Upgraded vet’s memorial to complement the new city memorial
By Robert Williams
On the outskirts of Vergas, the city cemetery sits quietly overlooking the town, but commuters driving by and visitors who made a cemetery stop over the Memorial Day holiday weekend, got a much-improved view after recent changes. ¶ While organizers put the finishing touches on the new Vergas veteran’s memorial park in town, the original memorial to those fallen in battle got a needed facelift at the city cemetery. ¶ The upgrade was due to the efforts of Chuck Hillstrom and Joe Bruhn, members of the Vergas cemetery committee. ¶ The timing of the recent construction this past week was due to necessity, not because there was another memorial going up. ¶ “We’re not competing with the one in town,” Hillstrom said.
The city cemetery veteran’s memorial had stood unchanged for the past 25 years and time and the elements had taken a toll. The recent upgrade made a very noticeable difference with a new concrete pad, improved landscaping and new flagpoles.
“What we had up there were pavers,” said Hillstrom.
According to Bruhn, those pavers were due for a replacement.
“They were sinking with grass growing through them and we had a wall in back that had pavers or blocks and weeds were taking over that and the shrubs looked terrible.”Chuck Hillstrom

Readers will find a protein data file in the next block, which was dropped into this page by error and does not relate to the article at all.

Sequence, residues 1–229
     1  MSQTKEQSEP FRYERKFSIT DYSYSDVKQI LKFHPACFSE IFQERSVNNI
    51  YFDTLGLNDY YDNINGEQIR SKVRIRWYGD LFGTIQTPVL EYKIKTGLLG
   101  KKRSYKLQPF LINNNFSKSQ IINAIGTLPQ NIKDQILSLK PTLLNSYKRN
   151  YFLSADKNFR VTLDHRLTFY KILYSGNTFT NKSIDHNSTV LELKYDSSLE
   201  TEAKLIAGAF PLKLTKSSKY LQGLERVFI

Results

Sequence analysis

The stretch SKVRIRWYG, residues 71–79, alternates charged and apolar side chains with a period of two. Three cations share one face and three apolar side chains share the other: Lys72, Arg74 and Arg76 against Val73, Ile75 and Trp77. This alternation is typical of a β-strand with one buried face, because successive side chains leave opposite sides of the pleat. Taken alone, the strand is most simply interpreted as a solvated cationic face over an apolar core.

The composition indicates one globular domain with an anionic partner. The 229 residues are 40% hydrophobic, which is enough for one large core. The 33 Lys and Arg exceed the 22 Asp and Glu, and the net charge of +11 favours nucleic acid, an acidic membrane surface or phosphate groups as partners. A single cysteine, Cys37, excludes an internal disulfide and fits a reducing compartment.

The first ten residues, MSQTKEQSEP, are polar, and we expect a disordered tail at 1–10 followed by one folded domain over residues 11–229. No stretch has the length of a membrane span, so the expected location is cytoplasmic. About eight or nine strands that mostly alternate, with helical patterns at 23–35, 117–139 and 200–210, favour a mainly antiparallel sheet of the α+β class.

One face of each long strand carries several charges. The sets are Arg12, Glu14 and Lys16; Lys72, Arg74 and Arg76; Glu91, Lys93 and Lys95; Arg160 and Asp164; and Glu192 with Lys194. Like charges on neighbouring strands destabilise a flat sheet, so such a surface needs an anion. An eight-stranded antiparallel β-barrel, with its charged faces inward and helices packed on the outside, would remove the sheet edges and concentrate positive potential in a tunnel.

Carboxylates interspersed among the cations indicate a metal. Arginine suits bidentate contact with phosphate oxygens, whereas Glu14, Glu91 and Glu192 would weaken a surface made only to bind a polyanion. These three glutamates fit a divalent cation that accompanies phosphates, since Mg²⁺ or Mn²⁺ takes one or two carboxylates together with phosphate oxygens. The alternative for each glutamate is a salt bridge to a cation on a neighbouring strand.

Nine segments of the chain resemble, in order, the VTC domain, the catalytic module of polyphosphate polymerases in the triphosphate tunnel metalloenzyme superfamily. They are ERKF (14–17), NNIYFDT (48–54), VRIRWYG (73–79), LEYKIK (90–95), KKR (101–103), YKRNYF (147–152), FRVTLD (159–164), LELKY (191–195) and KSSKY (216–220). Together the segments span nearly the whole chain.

The poles were also showing wear or damage that needed to be addressed.
“The main pole was bent a little bit,” said Hillstrom.
The work was a couple seasons in the making.
“We had talked the last couple years or so about needing to do something,” Hillstrom said. “Finally, this spring we bit the bullet.”
The upgrades were paid for from cemetery fiscal reserves from plot sales, along with a few donations and memorials that were sent in.
Bruhn, a Fargo Air Guard veteran, and Hillstrom did much of the work themselves operating with a limited budget.
The concrete work was hired out, but the landscaping and installation of new poles was done by the two-man crew.
“If we had been loaded we would have hired for it,” Bruhn laughed.
While the duo and a pair of volunteers had a good laugh talking about the work that was done, the reason behind it and the decorating for the upcoming holiday was about the regard for the soldiers and civilians buried there.
“Respect the deceased for the holiday weekend and to honor them.”Chuck Hillstrom and Joe Bruhn
The work that both do at the cemetery is a family affair having volunteered to take over care of the grounds after both of their parents did so for decades around the region.
“Our parents did this for years and years before we got involved and they used to do many, many cemeteries in the area,” said Hillstrom. “We kind of took over from our parents in a way.”
The cemetery houses 350-400 gravesites with 88 of those the gravestones of veterans and VFW ladies auxiliary members.
Each of those 88 sites is decorated with a small flag in a starred holder. Later in the week, prior to the holiday, Hillstrom and Bruhn return to install the larger 5×9 decorative flags around the cemetery.